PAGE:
Download citation file:
Celiac disease, also known as gluten-sensitive enteropathy (as well as two older and less preferred terms, nontropical sprue and celiac sprue) is a multisystem disorder estimated to affect approximately 1% of Americans (1). It results from an inappropriate T-cell–mediated immune response to ingested gluten that causes inflammatory injury to the small intestine in genetically predisposed persons. Damage to the proximal small intestinal mucosa results in the malabsorption of nutrients. The average age of diagnosis is in the fifth decade of life but only an estimated 10% to 15% of persons with celiac disease in the United States have been diagnosed (2). The prevalence of celiac disease in the United States seems to have increased 4- to 5-fold over the past 3 to 4 decades (3). Disease manifestations are protean, and gastrointestinal symptoms are not always present. Virtually every body system can be affected, with dermatologic, hematologic, neurologic, musculoskeletal, endocrine, reproductive, and digestive systems most commonly involved. Moreover, celiac disease is associated with a variety of autoimmune conditions whose clinical course may be affected by the diagnosis and treatment of celiac disease. Although patients respond well to treatment with a gluten-free diet, unrecognized or untreated celiac disease is associated with both increased mortality (3, 4) and risk for intestinal lymphoma (5).
Dermatitis herpetiformis. This disorder is an intensely pruritic papulovesicular rash affecting extensor surfaces, such as the shoulders (top), elbows, knees, back, and buttocks (bottom). Although all patients with dermatitis herpetiformis have the intestinal lesions of celiac disease, few have gastro-intestinal symptoms. Immunofluorescent detection of IgA deposits at the dermal–epidermal junction in a perilesional biopsy of a fresh skin lesion is sufficient for diagnosis and precludes the need for intestinal biopsies.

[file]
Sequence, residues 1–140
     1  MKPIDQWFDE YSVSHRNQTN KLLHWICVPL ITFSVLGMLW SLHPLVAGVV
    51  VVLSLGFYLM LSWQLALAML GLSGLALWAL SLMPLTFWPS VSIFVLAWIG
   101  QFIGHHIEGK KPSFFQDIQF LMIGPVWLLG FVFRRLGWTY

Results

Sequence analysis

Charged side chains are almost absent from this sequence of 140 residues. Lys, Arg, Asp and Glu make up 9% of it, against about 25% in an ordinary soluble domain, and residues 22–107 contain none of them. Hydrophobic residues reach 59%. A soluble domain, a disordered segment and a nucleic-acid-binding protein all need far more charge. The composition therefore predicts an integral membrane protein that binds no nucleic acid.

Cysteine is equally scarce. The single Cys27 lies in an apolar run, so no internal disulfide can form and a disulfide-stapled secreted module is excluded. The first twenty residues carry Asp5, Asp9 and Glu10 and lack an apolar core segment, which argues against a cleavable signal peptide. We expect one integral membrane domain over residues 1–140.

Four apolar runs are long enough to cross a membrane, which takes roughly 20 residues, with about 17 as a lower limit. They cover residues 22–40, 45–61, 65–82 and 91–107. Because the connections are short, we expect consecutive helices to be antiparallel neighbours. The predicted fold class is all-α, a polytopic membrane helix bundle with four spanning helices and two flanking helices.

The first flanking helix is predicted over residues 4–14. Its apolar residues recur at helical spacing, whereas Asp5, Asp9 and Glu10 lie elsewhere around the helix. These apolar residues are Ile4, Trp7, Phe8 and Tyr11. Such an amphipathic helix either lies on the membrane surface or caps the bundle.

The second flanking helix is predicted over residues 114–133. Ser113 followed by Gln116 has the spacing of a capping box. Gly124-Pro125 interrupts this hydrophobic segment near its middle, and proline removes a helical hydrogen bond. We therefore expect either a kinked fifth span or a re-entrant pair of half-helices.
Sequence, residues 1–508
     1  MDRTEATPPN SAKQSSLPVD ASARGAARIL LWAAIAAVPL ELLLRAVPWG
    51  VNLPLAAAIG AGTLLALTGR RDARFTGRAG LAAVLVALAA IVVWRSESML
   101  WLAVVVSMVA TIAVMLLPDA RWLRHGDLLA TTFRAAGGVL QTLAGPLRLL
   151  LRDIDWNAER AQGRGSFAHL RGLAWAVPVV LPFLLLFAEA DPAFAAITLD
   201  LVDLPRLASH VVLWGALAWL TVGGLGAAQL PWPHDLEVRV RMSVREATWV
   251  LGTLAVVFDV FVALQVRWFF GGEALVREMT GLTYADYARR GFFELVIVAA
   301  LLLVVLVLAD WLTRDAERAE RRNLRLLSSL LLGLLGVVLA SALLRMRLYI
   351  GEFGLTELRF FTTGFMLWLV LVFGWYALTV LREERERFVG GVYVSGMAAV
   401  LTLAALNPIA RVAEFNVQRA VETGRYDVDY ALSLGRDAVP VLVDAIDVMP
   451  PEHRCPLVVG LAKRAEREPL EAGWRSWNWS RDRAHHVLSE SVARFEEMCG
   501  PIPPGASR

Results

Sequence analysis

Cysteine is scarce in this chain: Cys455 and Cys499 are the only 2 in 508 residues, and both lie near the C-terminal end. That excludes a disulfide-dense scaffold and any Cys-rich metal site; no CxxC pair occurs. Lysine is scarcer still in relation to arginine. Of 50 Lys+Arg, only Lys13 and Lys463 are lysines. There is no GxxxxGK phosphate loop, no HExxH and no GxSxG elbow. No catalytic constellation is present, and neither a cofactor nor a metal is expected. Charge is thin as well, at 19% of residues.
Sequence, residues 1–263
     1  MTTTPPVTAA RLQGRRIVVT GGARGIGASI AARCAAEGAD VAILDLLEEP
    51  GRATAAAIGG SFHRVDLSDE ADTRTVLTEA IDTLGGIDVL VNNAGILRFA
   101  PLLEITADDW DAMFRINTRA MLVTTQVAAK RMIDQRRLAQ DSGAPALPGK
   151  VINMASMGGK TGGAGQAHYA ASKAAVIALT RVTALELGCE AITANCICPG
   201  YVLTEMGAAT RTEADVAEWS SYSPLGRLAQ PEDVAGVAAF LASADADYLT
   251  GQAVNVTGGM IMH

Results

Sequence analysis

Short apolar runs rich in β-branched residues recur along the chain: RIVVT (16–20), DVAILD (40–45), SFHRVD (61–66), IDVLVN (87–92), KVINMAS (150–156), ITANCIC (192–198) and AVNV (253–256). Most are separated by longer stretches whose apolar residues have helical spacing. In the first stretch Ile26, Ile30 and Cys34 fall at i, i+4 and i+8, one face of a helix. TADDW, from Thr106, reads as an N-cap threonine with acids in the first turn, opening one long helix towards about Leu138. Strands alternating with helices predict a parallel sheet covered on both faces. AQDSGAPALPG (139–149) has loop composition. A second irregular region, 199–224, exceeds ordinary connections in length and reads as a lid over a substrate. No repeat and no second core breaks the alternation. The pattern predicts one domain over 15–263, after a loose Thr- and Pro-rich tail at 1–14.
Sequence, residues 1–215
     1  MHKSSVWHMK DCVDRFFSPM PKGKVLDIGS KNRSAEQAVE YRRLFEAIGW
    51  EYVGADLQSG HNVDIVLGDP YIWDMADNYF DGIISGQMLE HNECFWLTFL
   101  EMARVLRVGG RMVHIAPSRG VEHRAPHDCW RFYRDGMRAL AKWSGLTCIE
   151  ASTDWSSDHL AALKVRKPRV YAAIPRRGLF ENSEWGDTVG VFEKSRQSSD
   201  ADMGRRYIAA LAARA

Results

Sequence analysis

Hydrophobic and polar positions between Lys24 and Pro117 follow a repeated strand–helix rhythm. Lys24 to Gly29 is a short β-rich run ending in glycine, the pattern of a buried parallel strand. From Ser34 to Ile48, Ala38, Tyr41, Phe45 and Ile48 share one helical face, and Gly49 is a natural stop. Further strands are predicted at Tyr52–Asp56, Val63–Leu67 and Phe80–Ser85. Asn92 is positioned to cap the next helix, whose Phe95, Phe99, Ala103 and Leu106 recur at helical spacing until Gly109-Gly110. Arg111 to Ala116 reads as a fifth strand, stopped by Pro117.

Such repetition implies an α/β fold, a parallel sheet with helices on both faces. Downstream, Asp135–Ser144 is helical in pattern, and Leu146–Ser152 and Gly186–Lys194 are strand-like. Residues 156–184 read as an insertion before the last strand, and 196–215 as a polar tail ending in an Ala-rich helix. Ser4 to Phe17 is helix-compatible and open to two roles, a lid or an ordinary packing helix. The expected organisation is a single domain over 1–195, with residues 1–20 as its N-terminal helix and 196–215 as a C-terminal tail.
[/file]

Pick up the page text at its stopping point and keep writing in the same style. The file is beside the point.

Endoscopic appearance of celiac disease. Such features include scalloping or notching of the folds, as shown. Fissuring or cracking of the flat intervening mucosa between the folds can also be seen. These endoscopic features are helpful for targeting biopsy sites, but their absence does not rule out the diagnosis; as such, intestinal biopsies should be obtained during upper endoscopy for evaluation of potential celiac disease.
Histologic appearance of celiac disease. Characteristic features of the intestinal mucosa in celiac disease include inflammation and varying degrees of villous atrophy. Inflammation comprises lymphocytes, plasma cells, macrophages, and other chronic inflammatory cells in the lamina propria. It also includes intraepithelial lymphocytes, which are more prominent toward the tips of the villi. The biopsy depicted here shows partial villous atrophy with characteristic inflammatory changes.
Please read the other comments before posting. Contributors must reveal any conflict
Comments are moderated and will appear on the site at the discretion of The American
College of Physicians editorial staff. Please be sure your email address is
updated in your account, otherwise the American College of Physicians will not be
able to contact you about your comment.
* = Required Field
Disclosure of Any Conflicts of Interest*
(applies to the past 5 years and foreseeable future) Indicate any potential conflicts
of interest of each author below, including specific financial interests and relationships
and affiliations relevant to the subject matter or materials discussed in the manuscript
(eg, employment/affiliation, grants or funding, consultancies, honoraria, speakers
bureau, stock ownership or options, expert testimony, royalties, donation of medical
equipment, or patents filed, received, or pending). If all authors have none, check
"No potential conflicts or relevant financial interests" in the box below. Please
also indicate any funding received in support of this work. The information will
be posted with your response.
The In the Clinic® slide sets are owned and copyrighted by the American College
of Physicians (ACP). All text, graphics, trademarks, and other intellectual property
incorporated into the slide sets remain the sole and exclusive property of the ACP.
The slide sets may be used only by the person who downloads or purchases them and
only for the purpose of presenting them during not-for-profit educational activities.
Users may incorporate the entire slide set or selected individual slides into their
own teaching presentations but may not alter the content of the slides in any way
or remove the ACP copyright notice. Users may make print copies for use as hand-outs
for the audience the user is personally addressing but may not otherwise reproduce
or distribute the slides by any means or media, including but not limited to sending
them as e-mail attachments, posting them on Internet or Intranet sites, publishing
them in meeting proceedings, or making them available for sale or distribution in
any unauthorized form, without the express written permission of the ACP. Unauthorized
use of the In the Clinic slide sets will constitute copyright infringement.
to gain full access to the content and tools.
Learn more about subscription options